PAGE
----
Publishers Weekly
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With publishing house conglomeration, bestsellers and the bottom line occupying agents, editors and others who used to have more time to shepherd writers through the publication process, handbooks increasingly fill the gaps. In one of the first targeted specifically to the burgeoning numbers of African-American writers, Fleming provides not only basic information but also the historical context surrounding the publication of books by black authors, profiles and interviews with writers and industry veterans, and genre specifications. During the 1990s, African-American publishing shifted from an emphasis on literary fiction and nonfiction to commercial fiction (e.g., Terry McMillan's Waiting to Exhale) and inspirational nonfiction (e.g., Iyanla Vanzant's spiritual self-improvement books). Journalist, critic and author Fleming (Wisdom of the Elders) succeeds in his goal of arming new writers with tips about effective query letters and proposals, dealing with agents and editors (including working with black and white professionals), self-publishing and electronic rights. Ranging capably over a wide field, he gives advice about self-promotion that will educate even a seasoned author, although he doesn't clearly discuss how to work with a public relations consultant, nor does he mention independent editors as an option for writers in need of extra attention. Surprisingly, he refers to the Internet mainly as a research tool, giving less attention to its potential as a vehicle for publicity or electronic publication. Despite these quibbles, the rich context and down-to-earth advice he brings to the publication of books by black authors is well worth the price of this comprehensive guide. Agent, Victoria Sanders. (June) (c) Copyright PWxyz, LLC. All rights reserved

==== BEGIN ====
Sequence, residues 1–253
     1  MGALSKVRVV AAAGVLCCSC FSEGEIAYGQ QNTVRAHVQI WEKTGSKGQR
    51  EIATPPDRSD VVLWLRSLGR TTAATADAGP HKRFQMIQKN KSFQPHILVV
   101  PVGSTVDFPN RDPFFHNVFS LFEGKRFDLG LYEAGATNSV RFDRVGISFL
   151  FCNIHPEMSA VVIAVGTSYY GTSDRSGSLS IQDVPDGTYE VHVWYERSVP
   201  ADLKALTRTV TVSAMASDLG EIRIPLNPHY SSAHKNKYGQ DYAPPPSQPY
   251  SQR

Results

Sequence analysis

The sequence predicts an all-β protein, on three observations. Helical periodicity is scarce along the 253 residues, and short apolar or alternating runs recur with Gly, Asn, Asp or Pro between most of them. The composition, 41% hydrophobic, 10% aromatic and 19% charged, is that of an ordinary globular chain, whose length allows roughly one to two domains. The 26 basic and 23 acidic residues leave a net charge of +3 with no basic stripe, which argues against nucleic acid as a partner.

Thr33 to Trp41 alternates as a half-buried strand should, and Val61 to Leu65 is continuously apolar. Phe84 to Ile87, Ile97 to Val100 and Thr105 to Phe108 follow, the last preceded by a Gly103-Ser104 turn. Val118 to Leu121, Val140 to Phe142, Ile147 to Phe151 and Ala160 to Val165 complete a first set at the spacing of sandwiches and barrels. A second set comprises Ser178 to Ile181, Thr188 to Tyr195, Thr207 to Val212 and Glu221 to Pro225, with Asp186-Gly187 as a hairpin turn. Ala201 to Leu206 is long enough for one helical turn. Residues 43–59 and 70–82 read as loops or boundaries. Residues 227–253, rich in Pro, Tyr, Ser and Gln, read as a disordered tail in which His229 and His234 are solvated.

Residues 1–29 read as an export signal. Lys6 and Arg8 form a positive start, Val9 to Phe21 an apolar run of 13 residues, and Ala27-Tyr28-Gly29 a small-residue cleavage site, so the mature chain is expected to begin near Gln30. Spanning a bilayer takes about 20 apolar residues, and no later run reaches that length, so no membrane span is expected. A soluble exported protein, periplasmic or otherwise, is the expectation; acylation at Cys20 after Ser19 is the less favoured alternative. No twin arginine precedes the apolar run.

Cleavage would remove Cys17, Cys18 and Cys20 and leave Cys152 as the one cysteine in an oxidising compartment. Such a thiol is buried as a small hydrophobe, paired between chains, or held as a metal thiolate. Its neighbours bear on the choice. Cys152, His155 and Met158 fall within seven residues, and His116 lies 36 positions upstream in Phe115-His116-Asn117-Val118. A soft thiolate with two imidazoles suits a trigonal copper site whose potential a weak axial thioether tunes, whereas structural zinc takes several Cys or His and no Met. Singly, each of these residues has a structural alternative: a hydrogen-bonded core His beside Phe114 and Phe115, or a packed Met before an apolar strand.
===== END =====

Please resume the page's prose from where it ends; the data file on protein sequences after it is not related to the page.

School Library Journal
(c) Copyright Library Journals LLC, a wholly owned subsidiary of Media Source, Inc. No redistribution permitted.

YA-In this cross between an almanac and guidebook, Fleming assists aspiring writers with an eclectic assembly of subjects related to the writing life. He discusses the basics of manuscript submissions, tools of writing, and the publishing world. He speaks of issues that many African-American writers must deal with in producing and marketing their books. He also reveals the importance of self-promotion. In subsequent chapters, Fleming entertains book lovers of any race with a tour of the African-American literary world. He pays homage to outstanding writers, offers a brisk overview of genres, gives a nod to reading groups, and mentions the Internet.-Connie Freeman, Ivy Tech State College, Fort Wayne, IN (c) Copyright 2010. Library Journals LLC, a wholly owned subsidiary of Media Source, Inc. No redistribution permitted.